“I haven’t had a lot of success finding traditional work—I’m thinking about quitting and trying to freelance instead. My parents think this is a terrible idea. What do you think?”—Mitch from Arlington, TX
It doesn’t have to be an either/or question. At least in the beginning. When I began freelancing, I was in your shoes. I had recently moved to a new city and struggled to find a full-time job. I began asking people I knew if they could use my help. I tested the waters by taking on projects while continuing my job search. Over time, I had enough freelance work to quit searching for something else.
Freelancing can be a fulfilling career, but it is not a good fit for everyone. You need to consider your finances, experience and personality to see if it’s the right choice for you.
Your financial situation is probably the most critical factor in deciding whether or not to freelance. Full-time jobs offer a lot of financial benefits that freelancers must cover themselves. Can you afford to pay for your own insurance, retirement savings and taxes? Full-time jobs also provide the equipment and services you need to do your job. Do you have a reliable computer, printer and scanner? Do you own the software your job requires? Can you afford phone and internet service?
It takes time to establish a freelancing career, so you may go several months without a paycheck. Projects and checks will gradually build, but even once you’re established, you likely will not receive a consistent, biweekly paycheck. You may get three checks one week and then nothing for a month. Do you have enough savings to support this? Do you have a backup plan in case a check comes in late? Can you manage an uneven cash flow?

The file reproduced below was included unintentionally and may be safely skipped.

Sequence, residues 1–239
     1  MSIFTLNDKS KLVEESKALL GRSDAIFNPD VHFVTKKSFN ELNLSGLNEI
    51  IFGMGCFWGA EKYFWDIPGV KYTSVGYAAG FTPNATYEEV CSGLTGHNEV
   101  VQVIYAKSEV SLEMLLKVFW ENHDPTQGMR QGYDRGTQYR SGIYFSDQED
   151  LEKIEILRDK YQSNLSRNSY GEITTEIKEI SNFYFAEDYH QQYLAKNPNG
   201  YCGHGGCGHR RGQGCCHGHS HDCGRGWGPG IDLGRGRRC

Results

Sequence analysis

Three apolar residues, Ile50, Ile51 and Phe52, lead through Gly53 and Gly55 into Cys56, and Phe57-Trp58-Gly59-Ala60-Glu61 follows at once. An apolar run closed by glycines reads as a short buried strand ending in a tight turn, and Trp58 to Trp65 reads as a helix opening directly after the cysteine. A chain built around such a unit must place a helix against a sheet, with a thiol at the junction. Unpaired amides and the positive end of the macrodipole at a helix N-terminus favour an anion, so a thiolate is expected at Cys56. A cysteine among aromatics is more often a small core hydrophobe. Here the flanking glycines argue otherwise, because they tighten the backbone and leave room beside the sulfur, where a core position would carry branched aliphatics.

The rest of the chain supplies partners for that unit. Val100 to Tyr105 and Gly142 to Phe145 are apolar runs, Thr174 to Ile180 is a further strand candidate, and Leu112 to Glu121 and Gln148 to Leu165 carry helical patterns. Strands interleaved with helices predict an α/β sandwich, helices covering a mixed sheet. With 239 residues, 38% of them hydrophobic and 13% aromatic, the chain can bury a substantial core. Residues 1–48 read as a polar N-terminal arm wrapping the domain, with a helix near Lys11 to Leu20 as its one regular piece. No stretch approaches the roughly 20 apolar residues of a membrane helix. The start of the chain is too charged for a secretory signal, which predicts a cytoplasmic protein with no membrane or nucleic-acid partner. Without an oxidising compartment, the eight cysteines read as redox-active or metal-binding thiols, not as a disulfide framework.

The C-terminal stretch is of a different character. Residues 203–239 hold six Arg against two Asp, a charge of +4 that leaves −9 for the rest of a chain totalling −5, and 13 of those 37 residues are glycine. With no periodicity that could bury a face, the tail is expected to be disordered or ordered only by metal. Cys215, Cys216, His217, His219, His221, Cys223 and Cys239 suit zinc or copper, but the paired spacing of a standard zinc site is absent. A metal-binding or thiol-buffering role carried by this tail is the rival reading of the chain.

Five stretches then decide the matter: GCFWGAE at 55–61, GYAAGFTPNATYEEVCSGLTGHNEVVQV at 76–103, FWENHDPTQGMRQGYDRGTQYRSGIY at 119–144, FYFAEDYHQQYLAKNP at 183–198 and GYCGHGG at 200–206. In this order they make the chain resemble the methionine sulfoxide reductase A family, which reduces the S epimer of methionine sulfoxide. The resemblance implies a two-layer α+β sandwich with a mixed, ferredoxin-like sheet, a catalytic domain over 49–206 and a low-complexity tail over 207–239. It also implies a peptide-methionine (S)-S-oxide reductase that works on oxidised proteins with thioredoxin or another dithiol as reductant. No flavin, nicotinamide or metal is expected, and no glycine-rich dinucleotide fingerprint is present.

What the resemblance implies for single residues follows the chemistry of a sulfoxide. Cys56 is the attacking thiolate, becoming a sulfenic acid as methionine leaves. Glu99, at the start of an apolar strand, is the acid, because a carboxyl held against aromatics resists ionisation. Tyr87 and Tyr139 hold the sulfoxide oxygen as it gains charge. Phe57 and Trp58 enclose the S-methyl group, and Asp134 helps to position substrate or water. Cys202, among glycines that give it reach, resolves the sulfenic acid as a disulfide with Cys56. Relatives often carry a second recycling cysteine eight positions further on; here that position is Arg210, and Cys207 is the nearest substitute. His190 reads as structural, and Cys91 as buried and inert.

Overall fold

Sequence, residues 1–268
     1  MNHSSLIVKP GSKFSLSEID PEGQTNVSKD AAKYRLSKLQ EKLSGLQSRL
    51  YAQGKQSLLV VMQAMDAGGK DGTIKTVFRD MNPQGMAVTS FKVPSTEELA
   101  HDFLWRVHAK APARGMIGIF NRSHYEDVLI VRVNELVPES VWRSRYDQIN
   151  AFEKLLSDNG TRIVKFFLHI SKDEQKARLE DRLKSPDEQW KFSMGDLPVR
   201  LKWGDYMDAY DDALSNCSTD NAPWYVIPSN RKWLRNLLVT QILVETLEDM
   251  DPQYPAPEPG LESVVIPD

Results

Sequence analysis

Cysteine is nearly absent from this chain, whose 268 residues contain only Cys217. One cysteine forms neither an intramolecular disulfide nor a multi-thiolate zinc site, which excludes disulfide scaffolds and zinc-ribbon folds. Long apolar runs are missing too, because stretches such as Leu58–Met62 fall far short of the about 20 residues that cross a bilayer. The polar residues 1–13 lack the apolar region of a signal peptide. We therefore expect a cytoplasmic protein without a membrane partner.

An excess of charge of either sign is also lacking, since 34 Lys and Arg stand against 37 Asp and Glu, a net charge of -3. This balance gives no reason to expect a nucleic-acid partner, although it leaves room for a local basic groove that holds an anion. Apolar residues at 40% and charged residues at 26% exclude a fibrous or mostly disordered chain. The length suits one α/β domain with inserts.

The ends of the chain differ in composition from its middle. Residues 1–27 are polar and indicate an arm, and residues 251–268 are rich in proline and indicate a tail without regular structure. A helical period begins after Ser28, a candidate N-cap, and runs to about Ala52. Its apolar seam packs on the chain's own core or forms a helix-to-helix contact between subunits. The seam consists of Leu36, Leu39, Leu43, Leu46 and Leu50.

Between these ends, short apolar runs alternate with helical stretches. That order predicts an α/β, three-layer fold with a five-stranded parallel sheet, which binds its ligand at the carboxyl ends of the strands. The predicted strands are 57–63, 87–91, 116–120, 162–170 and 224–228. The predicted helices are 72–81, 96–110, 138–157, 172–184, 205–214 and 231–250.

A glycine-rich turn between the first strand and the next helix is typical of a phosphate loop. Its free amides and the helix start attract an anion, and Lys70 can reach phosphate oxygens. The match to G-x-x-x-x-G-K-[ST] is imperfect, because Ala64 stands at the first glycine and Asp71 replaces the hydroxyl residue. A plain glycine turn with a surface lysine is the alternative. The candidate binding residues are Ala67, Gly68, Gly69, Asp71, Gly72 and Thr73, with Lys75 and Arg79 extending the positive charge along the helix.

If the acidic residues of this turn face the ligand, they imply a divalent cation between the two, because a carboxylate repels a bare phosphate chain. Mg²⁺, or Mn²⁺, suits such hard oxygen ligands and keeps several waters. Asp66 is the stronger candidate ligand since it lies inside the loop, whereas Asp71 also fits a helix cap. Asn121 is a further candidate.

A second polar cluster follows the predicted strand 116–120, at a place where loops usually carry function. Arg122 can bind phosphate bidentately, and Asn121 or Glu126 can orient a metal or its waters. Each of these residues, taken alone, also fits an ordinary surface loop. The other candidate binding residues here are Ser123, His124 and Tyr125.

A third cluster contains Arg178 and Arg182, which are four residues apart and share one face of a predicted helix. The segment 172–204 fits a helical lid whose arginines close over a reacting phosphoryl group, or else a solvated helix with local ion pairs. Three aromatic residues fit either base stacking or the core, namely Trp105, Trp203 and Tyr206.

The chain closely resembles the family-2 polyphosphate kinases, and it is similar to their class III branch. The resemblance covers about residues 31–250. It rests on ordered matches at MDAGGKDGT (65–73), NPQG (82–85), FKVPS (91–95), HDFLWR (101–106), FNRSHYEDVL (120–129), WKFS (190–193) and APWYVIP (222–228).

Experience is not critical, but it certainly helps. You need to be able to “sell” yourself to clients, which requires expertise and, in many cases, samples of your work. Also, with work experience comes a strong professional network, which has been invaluable to me. Knowing someone who knows someone can take you from being an afterthought to being exactly what a client needs. Nearly all of my freelance work has come from people I know, including former colleagues and classmates.
Many freelancers work remotely. Can you handle being alone all day, or do you thrive on social interaction? I don’t mind being alone, but I still like to head to the library or coffee shop to be around people sometimes. Can you focus on work while you’re at home instead of doing laundry, running errands or catching up on your daytime shows? When you work from home, you need to be able to avoid the temptation of distractions.
I have been very happy freelancing. I have had the opportunity to work on a wide variety of projects with many different clients and the flexibility to set my own schedule—both of which are rare with traditional full-time jobs.
If you are considering freelancing, it certainly doesn’t hurt to dip your toes in the water before diving in head first.